The Compost Heap and the Church: Decomposition (Part Three)

Presented at Gathering Leaves 
September 14th 2013, Fryeburg Maine

2013-08-24 23.07.00Decomposition

It seems in general that we’re more comfortable with changing seasons than we are with change in our own individual lives. We are more comfortable with the leaves dying while displaying their vibrant tones than we are with facing our own mortality, or the mortality of those we love. And then when we move from our own mortality, or the mortality of those we love, to the death of our churches, it brings up another collection of responses. The idea that our churches may be dying stirs up emotions and reactions for all of us, and I believe it’s important to recognize and name that.

I’ve spent much of my career in outreach and evangelization, and I was often the person who would come into a congregation or denominational setting and say, “There’s hope! Try this, try that!” And I do believe there is a place for that. There are positive things that are happening and there are good places to put our attention. I have come to believe that in order to be healthy organisms, we also need to be able to see and name the places that are dying and where things need to end. It gets confusing when the cycles of life and death are going on in our churches and our denominations at the same time. Within a community, it’s not always clear what part of the life of the church is on hospice and what is coming to life.

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Church Hospice
Being aware of what is going on in our churches and having the courage to name it is a call to all of us. When a hospice chaplain walks into a room with a family, often the job to be done is to name the thing that no one is going to say, which usually is, “Your loved one is dying.” This is a hard and painful job, but I find that often this honesty is the greatest gift you can give. To name what everyone in the room is thinking and feeling—and not saying.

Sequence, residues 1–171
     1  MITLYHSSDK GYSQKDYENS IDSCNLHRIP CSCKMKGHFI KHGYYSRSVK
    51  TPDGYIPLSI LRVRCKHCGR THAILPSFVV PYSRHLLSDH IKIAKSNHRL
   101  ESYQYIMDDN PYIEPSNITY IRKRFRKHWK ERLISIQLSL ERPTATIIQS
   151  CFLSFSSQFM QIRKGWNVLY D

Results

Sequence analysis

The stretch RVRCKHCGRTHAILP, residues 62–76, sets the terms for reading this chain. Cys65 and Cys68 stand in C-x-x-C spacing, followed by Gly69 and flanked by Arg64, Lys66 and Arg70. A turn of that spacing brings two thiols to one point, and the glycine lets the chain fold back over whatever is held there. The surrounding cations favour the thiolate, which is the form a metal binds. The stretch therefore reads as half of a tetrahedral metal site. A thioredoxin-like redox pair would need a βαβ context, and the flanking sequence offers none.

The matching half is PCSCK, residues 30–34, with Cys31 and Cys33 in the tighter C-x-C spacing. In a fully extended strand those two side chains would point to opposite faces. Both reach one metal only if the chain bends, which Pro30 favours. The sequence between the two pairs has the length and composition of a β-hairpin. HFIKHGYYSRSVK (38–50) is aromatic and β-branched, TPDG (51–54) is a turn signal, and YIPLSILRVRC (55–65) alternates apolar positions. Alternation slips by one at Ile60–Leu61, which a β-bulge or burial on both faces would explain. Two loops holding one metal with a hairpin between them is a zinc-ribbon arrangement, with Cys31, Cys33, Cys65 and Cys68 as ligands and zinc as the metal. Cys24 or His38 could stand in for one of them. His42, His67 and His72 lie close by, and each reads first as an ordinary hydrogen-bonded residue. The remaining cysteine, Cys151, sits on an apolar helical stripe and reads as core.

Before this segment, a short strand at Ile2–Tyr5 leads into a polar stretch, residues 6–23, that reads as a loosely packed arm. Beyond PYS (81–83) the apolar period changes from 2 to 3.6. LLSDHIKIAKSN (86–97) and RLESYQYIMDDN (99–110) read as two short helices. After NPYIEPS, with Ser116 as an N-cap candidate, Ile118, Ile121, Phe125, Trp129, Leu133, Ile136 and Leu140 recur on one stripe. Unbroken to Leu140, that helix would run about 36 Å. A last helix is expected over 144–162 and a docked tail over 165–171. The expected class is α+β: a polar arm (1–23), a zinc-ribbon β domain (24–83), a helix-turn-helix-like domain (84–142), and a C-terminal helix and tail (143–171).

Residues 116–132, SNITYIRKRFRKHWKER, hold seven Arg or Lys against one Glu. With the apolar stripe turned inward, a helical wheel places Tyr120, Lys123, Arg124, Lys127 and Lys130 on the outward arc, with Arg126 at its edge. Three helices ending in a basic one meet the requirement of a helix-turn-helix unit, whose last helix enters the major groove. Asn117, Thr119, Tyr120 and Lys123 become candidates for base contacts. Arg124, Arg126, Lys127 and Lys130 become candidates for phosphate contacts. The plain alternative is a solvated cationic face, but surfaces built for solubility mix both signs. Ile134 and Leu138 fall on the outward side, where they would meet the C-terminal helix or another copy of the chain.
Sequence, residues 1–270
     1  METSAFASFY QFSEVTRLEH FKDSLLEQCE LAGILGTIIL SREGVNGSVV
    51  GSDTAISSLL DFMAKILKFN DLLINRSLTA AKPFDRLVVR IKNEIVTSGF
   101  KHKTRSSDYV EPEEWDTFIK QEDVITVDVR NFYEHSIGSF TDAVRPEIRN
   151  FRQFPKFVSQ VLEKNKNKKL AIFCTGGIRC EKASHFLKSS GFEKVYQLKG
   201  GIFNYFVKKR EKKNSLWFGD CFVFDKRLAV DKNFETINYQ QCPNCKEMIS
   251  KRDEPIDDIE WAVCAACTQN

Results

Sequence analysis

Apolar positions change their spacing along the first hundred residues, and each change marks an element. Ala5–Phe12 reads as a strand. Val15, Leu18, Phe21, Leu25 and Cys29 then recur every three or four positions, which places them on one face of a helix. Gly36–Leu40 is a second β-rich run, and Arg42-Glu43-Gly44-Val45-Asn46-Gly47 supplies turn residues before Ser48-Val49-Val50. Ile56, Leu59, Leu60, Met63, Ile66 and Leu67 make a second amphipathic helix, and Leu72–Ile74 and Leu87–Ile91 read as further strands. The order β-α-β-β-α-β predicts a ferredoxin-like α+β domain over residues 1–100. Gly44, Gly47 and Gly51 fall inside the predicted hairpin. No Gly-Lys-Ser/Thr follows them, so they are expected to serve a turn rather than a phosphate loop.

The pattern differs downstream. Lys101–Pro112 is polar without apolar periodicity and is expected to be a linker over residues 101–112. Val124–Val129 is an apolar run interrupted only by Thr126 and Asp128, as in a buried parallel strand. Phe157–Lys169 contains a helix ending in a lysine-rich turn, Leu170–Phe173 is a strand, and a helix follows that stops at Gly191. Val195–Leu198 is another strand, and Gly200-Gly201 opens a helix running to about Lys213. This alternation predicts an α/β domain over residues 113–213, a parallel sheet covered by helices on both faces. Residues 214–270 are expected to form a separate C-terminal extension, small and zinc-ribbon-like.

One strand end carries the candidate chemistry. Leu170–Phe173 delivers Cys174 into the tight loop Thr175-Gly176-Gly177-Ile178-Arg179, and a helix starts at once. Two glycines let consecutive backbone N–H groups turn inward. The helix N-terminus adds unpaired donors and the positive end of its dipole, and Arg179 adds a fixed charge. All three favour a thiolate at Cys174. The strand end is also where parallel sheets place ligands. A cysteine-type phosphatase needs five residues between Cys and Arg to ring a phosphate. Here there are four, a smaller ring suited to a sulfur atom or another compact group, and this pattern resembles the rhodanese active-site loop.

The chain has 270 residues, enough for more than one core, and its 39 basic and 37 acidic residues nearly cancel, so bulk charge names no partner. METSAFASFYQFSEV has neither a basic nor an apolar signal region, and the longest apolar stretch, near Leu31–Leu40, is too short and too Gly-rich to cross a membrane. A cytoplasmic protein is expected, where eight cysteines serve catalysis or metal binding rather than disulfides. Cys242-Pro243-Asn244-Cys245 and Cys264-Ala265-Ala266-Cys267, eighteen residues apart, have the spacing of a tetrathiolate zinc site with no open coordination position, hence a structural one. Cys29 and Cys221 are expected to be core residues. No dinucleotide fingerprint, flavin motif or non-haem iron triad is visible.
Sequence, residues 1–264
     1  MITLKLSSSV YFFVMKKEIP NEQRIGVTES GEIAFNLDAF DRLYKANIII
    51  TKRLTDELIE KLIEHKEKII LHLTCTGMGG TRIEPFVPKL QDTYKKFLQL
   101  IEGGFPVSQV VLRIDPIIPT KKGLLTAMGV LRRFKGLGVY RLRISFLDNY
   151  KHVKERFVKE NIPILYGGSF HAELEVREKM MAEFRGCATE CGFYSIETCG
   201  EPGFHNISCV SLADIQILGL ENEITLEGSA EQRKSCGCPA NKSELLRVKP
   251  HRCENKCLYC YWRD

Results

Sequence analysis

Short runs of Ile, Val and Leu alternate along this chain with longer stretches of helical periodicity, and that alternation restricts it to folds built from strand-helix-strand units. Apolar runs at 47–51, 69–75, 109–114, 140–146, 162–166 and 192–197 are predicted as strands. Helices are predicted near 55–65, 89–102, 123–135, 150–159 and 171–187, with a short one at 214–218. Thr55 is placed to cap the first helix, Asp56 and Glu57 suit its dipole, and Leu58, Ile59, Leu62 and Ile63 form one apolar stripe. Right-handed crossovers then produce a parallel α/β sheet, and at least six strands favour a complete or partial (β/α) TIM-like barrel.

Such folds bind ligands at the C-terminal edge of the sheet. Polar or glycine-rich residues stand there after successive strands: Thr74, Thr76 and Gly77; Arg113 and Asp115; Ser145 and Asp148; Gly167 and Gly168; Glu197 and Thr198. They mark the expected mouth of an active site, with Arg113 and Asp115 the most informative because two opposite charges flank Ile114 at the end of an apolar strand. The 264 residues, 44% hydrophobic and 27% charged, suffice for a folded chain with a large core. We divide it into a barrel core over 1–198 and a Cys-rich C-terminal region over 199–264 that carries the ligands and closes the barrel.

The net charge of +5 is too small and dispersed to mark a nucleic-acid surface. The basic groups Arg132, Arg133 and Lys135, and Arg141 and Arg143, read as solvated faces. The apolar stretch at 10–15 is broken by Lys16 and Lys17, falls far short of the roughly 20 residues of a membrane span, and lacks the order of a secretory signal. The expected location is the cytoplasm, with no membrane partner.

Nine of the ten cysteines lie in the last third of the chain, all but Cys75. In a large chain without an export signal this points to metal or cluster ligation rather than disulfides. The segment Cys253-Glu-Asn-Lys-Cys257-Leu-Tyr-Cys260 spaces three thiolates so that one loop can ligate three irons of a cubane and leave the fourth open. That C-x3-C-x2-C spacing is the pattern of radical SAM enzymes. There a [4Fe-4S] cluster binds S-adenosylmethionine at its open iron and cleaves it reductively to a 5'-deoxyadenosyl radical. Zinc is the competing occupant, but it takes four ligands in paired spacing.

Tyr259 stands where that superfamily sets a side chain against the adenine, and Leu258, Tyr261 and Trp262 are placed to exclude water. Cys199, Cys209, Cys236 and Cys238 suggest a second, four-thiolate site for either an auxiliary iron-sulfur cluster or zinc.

And so I invite us—collectively—to be hospice chaplains for each other, and to acknowledge and say, “There are things in our church that are dying.” Aspects of our churches are changing—whether it be it a congregation, a way of doing things, or an idea we’ve held onto. We are called to acknowledge that some of our congregations have died or are going to die in this season, in this giant rummage sale that we are going through. We can be honest by acknowledging that this movement and change is held within the Divine cycle of life.

I believe that one of our callings in this time of change is to be hospice chaplains. A good hospice chaplain is present with the cycle of death, not rushing it and not prolonging it.  Sometimes the loving thing to do is to come in and say, “Let’s celebrate and then let go.” To be able to say together, “ You know what, we’ve always done our worship service this way, and we know it’s time to change.” It doesn’t need to be an abrupt cutting it off, and it also doesn’t need to be drawn out on life-support. We could say, “For 100 years we have said that same litany, with those same words. Let’s celebrate that… and then let it go and see what is waiting to be created anew.” This gets harder when it’s our congregations and our buildings—these places and communities we love. I know some of you have been through this, where you’ve had to let go and say goodbye. Let’s be good hospice chaplains together. Let’s celebrate, let’s look at the legacy, let’s claim the memorial, and then let it die.

I believe we need to be open to the possibility that our denominations hold this process of death as well. I do not know what next season is going to look like. I’m not predicting whether our denominations are going to disappear or not. But what I do know is that something is changing in them, and that there are ways of being, systems, concepts, and cultures, within all our denominations that need to die. How can we be present to that? How can we differentiate between the new growth that is alive and from the Lord and the things that we’re clinging onto, trying to survive?